Former Atlanta CFO Jim Beard indicted on fraud, weapons charges

<p>Jim Beard was former Mayor Kasim&nbsp;Reed&#39;s chief financial officer</p>
<p>Jim Beard was former Mayor Kasim&nbsp;Reed&#39;s chief financial officer</p>

Credit: � 2019 Cox Media Group.

Credit: � 2019 Cox Media Group.

The man entrusted for nearly a decade with the city of Atlanta’s financial future was indicted by a federal grand jury Tuesday for allegedly cheating on his taxes and using public money to cover tens of thousands of dollars in personal expenses — including buying two machine guns that are typically illegal for civilians to purchase.

A federal grand jury on Tuesday handed down an indictment against former Atlanta Chief Financial Officer Jim Beard, charging him with wire fraud, theft from the government, possession of machine guns, making a false statement, and obstructing federal tax laws.

The eight-count charging document covers a period between August 2013 and March 2018.

“Jim Beard allegedly abused his position as one of the most powerful executives in the City of Atlanta to commit federal crimes for his own gain, including stealing tens of thousands of dollars of the public’s money, possessing machine guns that members of the public cannot have, and obstructing an IRS audit,” said U.S. Attorney Byung J. “BJay” Pak.

Beard worked at the city for virtually all Mayor Kasim Reed’s administration and for a short time under Mayor Keisha Lance Bottoms, who asked him to resign in 2018. Still, Bottoms agreed to keep Beard on the city’s payroll while he attended a six-week management program at Harvard University for which the city had already paid $60,000, costing taxpayers an additional $30,000.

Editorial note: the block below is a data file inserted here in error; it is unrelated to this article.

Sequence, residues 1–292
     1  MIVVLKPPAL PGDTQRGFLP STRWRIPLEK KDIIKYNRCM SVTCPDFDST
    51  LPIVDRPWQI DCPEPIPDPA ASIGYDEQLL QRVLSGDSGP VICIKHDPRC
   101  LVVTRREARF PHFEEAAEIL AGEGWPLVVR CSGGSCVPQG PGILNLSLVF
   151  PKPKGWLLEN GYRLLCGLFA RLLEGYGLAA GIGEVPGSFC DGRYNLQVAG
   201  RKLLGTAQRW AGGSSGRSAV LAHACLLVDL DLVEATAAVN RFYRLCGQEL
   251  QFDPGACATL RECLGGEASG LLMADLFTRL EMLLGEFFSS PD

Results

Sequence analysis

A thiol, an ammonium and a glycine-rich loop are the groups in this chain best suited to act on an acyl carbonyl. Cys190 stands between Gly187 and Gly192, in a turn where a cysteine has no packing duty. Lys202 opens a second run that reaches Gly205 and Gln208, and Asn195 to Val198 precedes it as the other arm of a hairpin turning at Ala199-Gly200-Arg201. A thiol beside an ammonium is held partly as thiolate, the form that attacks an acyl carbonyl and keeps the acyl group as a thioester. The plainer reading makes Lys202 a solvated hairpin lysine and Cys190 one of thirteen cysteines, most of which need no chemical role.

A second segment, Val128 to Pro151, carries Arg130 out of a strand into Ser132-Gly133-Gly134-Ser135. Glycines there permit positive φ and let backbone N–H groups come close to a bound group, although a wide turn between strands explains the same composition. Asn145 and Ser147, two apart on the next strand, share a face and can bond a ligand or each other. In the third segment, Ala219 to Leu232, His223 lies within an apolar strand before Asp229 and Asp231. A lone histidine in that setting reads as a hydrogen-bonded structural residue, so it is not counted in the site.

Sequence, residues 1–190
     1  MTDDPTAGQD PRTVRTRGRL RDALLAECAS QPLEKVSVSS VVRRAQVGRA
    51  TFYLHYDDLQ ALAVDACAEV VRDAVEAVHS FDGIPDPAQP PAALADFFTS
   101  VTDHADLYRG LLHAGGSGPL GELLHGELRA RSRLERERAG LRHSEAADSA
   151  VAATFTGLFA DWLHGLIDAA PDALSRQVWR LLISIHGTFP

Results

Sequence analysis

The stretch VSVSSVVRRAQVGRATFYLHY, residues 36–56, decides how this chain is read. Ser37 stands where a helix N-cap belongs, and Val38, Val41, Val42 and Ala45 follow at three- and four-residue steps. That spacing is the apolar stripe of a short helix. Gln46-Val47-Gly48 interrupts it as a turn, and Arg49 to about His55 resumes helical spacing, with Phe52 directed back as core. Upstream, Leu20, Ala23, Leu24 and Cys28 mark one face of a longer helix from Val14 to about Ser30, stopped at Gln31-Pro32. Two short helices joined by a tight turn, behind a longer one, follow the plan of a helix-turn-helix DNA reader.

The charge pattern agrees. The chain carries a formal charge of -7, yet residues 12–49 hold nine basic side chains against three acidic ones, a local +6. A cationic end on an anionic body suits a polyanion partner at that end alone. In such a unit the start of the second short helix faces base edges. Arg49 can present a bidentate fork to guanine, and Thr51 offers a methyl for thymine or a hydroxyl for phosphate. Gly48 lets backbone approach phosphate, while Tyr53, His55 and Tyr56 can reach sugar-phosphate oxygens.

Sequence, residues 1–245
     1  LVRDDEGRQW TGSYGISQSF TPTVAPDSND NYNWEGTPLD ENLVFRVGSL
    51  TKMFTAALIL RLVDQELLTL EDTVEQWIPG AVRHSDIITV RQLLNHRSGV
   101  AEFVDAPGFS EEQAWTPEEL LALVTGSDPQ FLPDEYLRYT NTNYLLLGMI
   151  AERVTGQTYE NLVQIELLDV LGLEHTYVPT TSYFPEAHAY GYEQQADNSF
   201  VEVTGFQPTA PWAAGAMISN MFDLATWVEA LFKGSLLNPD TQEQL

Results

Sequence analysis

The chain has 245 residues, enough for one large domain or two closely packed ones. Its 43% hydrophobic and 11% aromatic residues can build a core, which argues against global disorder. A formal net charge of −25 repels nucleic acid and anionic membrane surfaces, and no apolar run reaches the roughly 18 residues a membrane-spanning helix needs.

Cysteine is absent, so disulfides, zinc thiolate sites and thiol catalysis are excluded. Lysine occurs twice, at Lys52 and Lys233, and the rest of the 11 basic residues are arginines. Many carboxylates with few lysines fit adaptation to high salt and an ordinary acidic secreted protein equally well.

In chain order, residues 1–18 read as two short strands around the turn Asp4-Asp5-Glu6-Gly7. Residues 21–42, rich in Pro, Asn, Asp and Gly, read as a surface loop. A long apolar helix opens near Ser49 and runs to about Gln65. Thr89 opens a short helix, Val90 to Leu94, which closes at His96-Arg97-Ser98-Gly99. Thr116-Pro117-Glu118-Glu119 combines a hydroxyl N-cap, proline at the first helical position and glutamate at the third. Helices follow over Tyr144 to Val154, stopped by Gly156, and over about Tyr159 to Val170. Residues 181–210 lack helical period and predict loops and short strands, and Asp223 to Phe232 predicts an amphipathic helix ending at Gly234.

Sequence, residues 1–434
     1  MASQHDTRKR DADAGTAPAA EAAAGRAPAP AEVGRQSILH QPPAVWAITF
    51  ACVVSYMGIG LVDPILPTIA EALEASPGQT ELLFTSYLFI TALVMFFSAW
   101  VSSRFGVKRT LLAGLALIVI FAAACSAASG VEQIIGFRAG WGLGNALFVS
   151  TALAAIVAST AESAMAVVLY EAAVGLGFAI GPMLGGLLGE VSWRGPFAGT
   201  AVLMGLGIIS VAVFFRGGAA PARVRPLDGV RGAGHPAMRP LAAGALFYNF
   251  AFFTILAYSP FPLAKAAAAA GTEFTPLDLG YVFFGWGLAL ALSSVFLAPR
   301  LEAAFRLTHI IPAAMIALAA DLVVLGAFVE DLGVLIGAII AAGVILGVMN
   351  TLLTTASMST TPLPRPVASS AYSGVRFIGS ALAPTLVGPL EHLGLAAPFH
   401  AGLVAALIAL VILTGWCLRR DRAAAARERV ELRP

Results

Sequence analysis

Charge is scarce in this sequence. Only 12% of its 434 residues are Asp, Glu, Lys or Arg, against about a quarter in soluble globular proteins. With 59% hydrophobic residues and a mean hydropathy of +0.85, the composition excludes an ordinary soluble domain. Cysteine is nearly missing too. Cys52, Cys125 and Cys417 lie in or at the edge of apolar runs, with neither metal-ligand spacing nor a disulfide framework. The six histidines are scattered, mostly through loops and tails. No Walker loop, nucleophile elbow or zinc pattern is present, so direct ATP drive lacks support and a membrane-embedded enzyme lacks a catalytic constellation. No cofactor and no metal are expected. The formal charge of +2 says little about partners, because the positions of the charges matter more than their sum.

The federal corruption investigation of Atlanta City Hall has focused almost exclusively on the eight years in which Reed held the mayor’s office. It has netted seven guilty pleas — including from Reed’s chief procurement officer and deputy chief of staff, both of whom admitted to accepting bribes.

The federal corruption investigation of Atlanta City Hall has focused almost exclusively on the eight years in which Reed held the mayor’s office. It has netted seven guilty pleas — including from Reed’s chief procurement officer and deputy chief of staff, both of whom admitted to accepting bribes.

Beard and three other people are currently under indictment in the five-year investigation.

The theft charges against Beard differ from the overall trend of the investigation, which has focused mostly on bribery and the steering of city contracts.

Scott R. Grubman, an attorney for Beard, said in a statement that he and his client “vehemently disagree” with the allegations in the indictment.

“As the Chief Financial Officer for the City of Atlanta, Mr. Beard either served as the lead for, participated in, or advised with, numerous major transactions and projects for the city, which required him to take a number of authorized trips to facilitate the successful closing of those transactions,” Grubman said. “He also facilitated purchases by city departments, including the Atlanta Police Department."

A spokesman for Bottoms called the allegations serious and disappointing. He said the city will continue to assist with the investigation, and take further steps to deter wrongdoing or strengthen public trust.

Several investigations by The Atlanta Journal-Constitution over the past two years found that Beard used contacts in the police department to purchase machine guns and other weapons with taxpayer dollars, and that he used his city credit card for lavish expenses, such as a $10,277 Shangri-La hotel stay in Paris.

Federal prosecutors used a subpoena to obtain Beard’s credit card receipts after the AJC published its stories.